Tuesday, March 25, 2014

Green Solutions for the Operating Room: Remanufacturing of Single Use Devices

In 2013, the Association of Women Surgeons sponsored its second Green Solutions for the Operating Room Contest in a partnership with Practice Greenhealth.  We received many innovative and creative approaches to reducing the environmental impact of the operating room.  Today we are featuring a submission from Titi Adegboyega, a 4th year medical student at Gundersen Health System in La Crosse, WI.  Congratulations, Titi!


Green Solutions for the Operating Room: 
Remanufacturing of Single Use Devices
Gundersen Health System, La Crosse, WI

By Titi Adegboyega

My interest in medicine has been deeply rooted in my passion for global health. As I go through my training, I always ask myself what obstacles I would face if I plan to execute the same treatment plan I just provided a patient in Wisconsin to a similar patient in a rural town in Nigeria. Specifically, I consider how performing surgery here in the United States can be very different from doing surgery in a developing country. The limited resources in these areas sometimes preclude the use of laparoscopy and expensive devices like staplers and vessel sealing devices. In addition to the cost of securing these instruments, the one-time use makes them a deterrent to in light of limited funds. Innovations to recycle these devices are one way to make these expensive devices cost effective.

Single Use devices (SUD) are commonly used in the operating room. With growing number of minimally invasive procedures, the use of SUD such as laparoscopic trocars has also grown. Likewise, there has been a surge in use of the LigaSure and Harmonic, both SUDs utilized in many surgical procedures for vessel sealing and dissection. For over ten years, Gundersen Health System (GHS) has been participating in remanufacturing of single use devices. The list of the most common devices remanufactured a listed in table 1. In other to reduce waste, GHS recycles 95% of SUD although only about 2% is actually remanufactured and packaged for reuse based on the Food and Drug Administration guidelines. The recycled products are diverted away from the regulated medical waste stream which results in ‘waste savings’.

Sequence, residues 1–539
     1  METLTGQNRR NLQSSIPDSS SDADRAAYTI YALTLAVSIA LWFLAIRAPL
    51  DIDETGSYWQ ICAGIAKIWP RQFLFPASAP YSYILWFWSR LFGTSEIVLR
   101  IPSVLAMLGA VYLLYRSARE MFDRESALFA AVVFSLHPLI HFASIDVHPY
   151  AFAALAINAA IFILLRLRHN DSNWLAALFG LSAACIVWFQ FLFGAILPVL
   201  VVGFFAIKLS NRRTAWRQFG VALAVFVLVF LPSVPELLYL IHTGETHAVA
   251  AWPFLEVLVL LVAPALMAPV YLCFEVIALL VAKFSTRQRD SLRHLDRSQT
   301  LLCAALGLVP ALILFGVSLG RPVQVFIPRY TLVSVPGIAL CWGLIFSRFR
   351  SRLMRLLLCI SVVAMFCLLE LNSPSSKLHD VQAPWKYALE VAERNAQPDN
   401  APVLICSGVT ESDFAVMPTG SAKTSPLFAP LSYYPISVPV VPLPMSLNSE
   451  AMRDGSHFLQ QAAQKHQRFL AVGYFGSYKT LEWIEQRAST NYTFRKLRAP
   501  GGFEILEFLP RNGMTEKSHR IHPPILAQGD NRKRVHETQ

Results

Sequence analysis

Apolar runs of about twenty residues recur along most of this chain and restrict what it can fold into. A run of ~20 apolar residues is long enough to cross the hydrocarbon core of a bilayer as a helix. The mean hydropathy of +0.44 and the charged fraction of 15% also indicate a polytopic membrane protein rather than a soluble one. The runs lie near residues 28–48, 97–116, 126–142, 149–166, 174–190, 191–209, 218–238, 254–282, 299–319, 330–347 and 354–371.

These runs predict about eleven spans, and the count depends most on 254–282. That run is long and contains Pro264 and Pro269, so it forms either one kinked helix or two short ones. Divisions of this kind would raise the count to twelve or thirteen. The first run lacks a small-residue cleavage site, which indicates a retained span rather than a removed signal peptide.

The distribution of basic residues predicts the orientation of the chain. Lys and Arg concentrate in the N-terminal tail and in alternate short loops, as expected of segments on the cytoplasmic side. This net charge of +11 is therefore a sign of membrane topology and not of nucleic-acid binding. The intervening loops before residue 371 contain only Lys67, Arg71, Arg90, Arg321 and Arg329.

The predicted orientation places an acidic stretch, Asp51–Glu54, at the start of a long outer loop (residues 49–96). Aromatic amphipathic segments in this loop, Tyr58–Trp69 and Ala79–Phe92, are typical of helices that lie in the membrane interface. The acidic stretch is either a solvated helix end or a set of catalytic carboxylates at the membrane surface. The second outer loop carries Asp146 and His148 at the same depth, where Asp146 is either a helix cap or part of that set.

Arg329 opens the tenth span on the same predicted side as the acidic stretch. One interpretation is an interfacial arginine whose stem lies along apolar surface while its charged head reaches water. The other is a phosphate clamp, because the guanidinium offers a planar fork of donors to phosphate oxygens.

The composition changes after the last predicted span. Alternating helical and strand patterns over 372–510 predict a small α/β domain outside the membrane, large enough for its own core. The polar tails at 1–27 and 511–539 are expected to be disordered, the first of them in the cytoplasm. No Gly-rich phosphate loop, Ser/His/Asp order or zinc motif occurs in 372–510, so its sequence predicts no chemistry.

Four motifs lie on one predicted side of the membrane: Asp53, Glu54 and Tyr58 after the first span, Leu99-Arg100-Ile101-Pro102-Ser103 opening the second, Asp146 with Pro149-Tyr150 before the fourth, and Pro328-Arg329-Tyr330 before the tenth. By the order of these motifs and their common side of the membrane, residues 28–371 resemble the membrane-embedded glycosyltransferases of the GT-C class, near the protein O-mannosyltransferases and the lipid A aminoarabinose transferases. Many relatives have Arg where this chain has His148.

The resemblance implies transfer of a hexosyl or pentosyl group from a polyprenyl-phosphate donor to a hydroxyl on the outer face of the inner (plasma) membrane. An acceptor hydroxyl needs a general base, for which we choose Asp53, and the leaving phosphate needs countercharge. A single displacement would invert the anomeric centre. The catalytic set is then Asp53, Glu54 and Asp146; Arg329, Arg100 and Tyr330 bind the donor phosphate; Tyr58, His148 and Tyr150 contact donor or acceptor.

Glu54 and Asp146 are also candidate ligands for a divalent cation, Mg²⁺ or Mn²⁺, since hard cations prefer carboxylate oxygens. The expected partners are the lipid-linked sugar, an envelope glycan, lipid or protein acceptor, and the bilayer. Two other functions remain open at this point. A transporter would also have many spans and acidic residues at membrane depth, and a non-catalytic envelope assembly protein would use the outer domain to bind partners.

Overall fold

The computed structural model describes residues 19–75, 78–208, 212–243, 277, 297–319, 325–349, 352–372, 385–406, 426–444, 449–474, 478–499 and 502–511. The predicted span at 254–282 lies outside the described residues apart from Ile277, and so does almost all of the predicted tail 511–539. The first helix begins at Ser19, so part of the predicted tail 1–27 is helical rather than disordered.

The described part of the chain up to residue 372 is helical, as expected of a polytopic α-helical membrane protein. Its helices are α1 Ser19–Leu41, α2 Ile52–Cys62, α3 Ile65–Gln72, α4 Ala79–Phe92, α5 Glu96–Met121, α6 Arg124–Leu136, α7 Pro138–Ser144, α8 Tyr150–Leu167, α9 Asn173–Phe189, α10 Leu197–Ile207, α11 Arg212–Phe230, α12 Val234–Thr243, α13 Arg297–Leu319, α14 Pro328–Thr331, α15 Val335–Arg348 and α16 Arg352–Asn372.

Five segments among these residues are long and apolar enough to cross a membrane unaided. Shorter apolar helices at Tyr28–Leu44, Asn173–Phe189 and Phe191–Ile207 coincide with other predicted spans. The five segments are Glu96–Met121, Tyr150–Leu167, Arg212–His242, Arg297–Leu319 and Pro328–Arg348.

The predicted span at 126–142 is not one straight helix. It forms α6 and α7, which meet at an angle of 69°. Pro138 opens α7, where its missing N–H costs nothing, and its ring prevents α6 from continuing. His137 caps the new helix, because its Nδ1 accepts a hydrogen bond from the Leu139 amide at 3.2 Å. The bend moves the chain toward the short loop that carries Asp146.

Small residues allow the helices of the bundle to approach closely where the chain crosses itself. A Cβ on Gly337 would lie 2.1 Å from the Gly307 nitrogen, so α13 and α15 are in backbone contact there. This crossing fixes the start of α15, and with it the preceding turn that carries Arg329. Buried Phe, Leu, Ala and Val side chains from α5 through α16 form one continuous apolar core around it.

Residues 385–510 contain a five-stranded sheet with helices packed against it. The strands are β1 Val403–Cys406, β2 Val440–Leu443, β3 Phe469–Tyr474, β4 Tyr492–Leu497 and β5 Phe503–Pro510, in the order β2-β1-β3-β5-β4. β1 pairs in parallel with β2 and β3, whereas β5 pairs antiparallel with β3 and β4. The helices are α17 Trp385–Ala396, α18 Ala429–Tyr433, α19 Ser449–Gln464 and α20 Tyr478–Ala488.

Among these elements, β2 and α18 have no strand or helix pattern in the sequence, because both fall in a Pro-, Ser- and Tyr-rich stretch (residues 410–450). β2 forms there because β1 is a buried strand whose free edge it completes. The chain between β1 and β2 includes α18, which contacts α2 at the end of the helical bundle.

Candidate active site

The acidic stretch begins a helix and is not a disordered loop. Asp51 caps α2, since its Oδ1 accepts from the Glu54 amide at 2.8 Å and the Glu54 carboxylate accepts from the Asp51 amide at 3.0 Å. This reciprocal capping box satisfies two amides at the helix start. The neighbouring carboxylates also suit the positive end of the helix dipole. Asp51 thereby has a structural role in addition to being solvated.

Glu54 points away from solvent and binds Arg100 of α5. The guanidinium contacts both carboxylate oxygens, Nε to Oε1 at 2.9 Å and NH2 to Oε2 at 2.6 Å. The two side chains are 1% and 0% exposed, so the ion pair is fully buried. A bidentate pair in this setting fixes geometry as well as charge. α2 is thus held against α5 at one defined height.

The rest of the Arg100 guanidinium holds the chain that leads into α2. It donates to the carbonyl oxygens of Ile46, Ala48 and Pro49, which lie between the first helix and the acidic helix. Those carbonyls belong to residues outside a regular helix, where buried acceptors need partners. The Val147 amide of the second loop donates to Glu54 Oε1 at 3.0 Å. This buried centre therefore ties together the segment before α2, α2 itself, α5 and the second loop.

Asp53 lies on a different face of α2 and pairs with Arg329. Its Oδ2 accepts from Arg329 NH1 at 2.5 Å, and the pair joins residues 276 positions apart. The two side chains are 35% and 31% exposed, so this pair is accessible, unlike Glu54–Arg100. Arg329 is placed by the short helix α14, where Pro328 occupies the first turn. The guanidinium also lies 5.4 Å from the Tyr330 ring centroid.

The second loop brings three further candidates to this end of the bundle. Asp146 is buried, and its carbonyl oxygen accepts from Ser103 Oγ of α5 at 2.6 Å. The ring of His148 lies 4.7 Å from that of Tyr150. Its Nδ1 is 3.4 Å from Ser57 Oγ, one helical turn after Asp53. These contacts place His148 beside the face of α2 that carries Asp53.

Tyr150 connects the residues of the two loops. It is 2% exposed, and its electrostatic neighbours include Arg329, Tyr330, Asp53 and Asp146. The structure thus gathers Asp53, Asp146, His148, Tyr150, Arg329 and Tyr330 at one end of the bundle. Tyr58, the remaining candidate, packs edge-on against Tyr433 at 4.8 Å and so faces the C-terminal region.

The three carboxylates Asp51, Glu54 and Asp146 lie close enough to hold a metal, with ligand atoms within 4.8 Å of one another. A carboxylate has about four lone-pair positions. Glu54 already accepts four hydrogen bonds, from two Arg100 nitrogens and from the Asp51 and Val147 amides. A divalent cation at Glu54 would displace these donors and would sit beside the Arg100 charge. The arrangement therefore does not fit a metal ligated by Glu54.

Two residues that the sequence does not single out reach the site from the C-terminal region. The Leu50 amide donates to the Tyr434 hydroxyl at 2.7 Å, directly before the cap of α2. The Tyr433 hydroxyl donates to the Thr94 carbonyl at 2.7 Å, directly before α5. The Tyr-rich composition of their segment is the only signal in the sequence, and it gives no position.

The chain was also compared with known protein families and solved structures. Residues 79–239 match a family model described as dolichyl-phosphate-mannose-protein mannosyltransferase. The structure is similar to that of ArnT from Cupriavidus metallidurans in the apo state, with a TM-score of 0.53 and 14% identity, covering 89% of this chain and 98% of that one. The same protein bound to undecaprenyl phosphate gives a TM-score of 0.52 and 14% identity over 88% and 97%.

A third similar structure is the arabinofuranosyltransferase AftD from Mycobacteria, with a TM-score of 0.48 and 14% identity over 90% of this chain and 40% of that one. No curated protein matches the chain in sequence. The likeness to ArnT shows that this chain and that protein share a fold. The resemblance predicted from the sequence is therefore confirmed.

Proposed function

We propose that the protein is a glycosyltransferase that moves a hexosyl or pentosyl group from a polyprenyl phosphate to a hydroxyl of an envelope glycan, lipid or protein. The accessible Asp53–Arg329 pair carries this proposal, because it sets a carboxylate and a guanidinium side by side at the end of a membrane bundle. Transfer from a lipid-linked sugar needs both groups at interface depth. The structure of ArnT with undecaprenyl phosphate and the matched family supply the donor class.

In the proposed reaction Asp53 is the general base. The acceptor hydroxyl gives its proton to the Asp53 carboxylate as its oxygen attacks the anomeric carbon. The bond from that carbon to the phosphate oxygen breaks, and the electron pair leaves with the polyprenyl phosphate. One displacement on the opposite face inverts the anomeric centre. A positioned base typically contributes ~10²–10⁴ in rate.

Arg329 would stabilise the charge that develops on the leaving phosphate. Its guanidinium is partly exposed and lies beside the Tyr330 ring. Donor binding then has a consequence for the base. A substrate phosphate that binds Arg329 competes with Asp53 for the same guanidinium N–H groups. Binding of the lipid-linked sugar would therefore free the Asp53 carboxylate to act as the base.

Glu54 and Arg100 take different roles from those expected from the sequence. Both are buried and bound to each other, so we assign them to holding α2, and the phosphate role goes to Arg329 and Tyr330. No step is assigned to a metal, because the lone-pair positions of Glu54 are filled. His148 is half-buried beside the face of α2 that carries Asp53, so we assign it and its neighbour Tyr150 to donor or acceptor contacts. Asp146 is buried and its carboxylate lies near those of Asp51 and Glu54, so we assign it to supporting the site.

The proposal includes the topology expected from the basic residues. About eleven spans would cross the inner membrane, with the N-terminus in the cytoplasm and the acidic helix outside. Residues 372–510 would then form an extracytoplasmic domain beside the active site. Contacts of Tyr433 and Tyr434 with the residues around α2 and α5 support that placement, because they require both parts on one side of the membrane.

The process of recycling involves placing items for recycling in clearly labeled teal Stryker containers in each operating room. These items are sent to one of the two processing plants in the US (Arizona and Florida). Items are then sorted for recycling versus remanufacturing. There is no additional cost of recycling to GHS and no additional personnel required as SUD are placed in the recycle bins immediately after surgery by the OR staff.

The safety of utilization of SUD is a potential concern for both patients and healthcare organizations. The department of infection control and infectious diseases is engaged in the remanufacturing process and each remanufactured device is inspected multiple times in the cleaning, sterilization and repackaging process to insure quality and safety.

The average cost of medical waste disposal is $0.50 per pound. In 2013 alone, GHS has recycled 7,843 pounds, resulting in a waste savings of $3,924. GHS has also saved $161, 360 this year alone from reusing of SUD (figure 1).

The cost savings attained from recycling SUD makes it more suitable for low resource environments and is one of many innovative ways to bridge the difference in surgical care globally.  I hope to incorporate this in my career in global surgery to maximize the limited resources available to care for patients.




Table 1: Remanufactured OR products
Arthroscopic Shavers / Burs
Burrs / Bits / Blades
Cardiac Stabilization
Compression Device - Pairs
EP Catheters & Cables
Endoscopic Trocars
External Fixation
Ligasures
Opened & Unused / Expired
Suture Passers
Tourniquet Cuffs
Ultrasonic Scalpels


Figure 1: 2013 Monthly savings on utilization of remanufactured Single Use Devices


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Titi Adegbboyega is a fourth year surgery resident at Gundersen Health System in La Crosse, WI. She completed medical school at the University of Minnesota and is interested in global surgery.


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